Rogue operators must be ‘shut down immediately’
SHONKY stone-cutting operators paying "ridiculous" money to lure staff to toxic silica worksites should be "shut down immediately".
Derick Brosnan has owned La Rocca Marble since 2011 and is furious that rogue operators who "hadn't bothered" to protect their workers from potentially lethal silica dust were not being penalised by the State Government.
"Shut them down immediately and fine them," said Mr Brosnan.
"They've had two years to get their act together and comply with safety regulations and some haven't even got the basics covered, like having a silica warning sign posted at their entry.
"It's not hard, what they need to do in order to comply is on the SafeWork website.
"I know for a fact there's still so much dry-cutting happening on some sites, because doing it safely is a 45-minute job not of a five-minute job."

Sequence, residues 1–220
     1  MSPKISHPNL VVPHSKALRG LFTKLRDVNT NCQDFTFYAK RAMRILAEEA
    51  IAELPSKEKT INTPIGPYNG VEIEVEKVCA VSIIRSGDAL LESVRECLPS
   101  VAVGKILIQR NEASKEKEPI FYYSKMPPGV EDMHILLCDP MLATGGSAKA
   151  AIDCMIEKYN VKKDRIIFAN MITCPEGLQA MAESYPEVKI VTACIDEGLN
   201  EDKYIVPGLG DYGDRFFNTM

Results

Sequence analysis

A Bulletin investigation in August found the number of young stonecutters being diagnosed in Queensland was increasing by the month.
Authorities know what is killing the young workers but won't ban engineered stone because it is "cheap and mass produced"; workers are scared to lose their jobs by speaking up as it is largely left to employers to ensure staff are screened; and Workplace Health and Safety Queensland (WHSQ) said it would only re-audit the stone benchtop industry - eight months after it was asked to - after inquiries by the Bulletin.
WHSQ has since confirmed it would visit 166 workplaces from Robina to Cairns, including 44 on the Gold Coast.
As of the end of September, 27 workplaces had been inspected and 47 enforcement actions taken. They included 38 improvement notices, one prohibition notice, four priority infringement notices and four immediate compliance directions.
To date, 179 people across Queensland have been diagnosed with the potentially fatal lung disease silicosis.
A WHSQ spokesperson said the industry-wide audit was the third targeted program in as many years, with Queensland taking the lead "nationally in both the identification and its response to this hazard".
The campaign will run until December, with follow-up visits of non-compliant workplaces to be completed by May next year.